When the vibrance slider was added to Adobe Camera Raw version 4, it was one of the most significant changes ever made to the popular raw processor. Today it seems difficult to live without it. Vibrance also came to Photoshop CS4 as an adjustment layer, and we gained a whole lot more control over how it’s used.
There is a massive difference between vibrance and the humble saturation slider. They each affect different colours that exist in the image in different ways, but do you understand the difference? Watch Jesús Ramirez from the Photoshop Training Channel explain in this video with some great easy to understand demonstrations.
We’ve all dabbled with that saturation adjustment layer at some point. We all take shots where the environment or something in the image looks a little duller than it did in real life. So, it seems quite obvious. But then we often face a lot of frustration, because parts of the image will want to blow out on at least one colour channel. We take to masking, and then adding multiple saturation adjustments. It can work, but it’s annoying.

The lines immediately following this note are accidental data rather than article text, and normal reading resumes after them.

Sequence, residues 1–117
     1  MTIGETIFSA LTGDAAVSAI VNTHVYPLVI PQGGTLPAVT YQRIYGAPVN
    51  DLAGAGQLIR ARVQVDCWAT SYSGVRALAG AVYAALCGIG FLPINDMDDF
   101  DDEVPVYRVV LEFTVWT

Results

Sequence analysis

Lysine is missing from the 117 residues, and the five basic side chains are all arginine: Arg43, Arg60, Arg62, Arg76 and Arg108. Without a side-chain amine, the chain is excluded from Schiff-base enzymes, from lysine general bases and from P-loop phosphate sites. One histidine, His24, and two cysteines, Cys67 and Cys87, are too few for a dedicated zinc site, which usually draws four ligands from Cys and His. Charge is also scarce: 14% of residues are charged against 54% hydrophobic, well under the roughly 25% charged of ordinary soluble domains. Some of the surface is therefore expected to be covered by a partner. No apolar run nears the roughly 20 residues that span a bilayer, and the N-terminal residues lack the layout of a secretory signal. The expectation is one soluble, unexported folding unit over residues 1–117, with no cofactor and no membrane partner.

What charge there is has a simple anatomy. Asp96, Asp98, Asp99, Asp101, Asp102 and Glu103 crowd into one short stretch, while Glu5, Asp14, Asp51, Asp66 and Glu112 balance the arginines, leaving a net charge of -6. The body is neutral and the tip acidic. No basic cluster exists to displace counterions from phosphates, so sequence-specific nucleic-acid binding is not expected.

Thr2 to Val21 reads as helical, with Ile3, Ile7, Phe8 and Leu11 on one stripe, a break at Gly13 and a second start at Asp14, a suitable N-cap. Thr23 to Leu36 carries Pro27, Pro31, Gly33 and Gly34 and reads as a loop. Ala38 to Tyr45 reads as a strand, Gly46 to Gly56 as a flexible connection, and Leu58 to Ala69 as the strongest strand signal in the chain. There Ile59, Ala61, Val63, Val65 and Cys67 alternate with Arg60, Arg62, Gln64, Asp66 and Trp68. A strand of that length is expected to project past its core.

And this is where the vibrance adjustment layer steps in. Essentially, the big difference between the two is that saturation affects all colours equally and vibrance is a little more selective. Here’s the original shot with which he’s working. It’s typical of the type of slightly desaturated shot many of us see straight out of our cameras.
When the Hue/Saturation adjustment is added you can immediately see the problem. The saturation adjustment has no regard for how your image looks to begin with. It’s indiscriminate.
Vibrance, on the other hand, respects things like skin tones. It attempts to protect certain colour channels from becoming blown out. And it has the least effect on parts of your image that are already quite saturated.
Jesús goes into some more depth about exactly how the two adjustment layers differentiate themselves from each other. And why a sliders labelled “saturation” aren’t always created equally. The saturation sliders in the Hue/Saturation and Vibrance adjustment layers both work quite differently from each other.
It’s well worth a watch if you find that the Hue/Saturation adjustment layer isn’t giving you what you need. Once you understand the differences in how it works vs the Vibrance adjustment layer, it’s a lot easier to figure out why and how it’s failing you.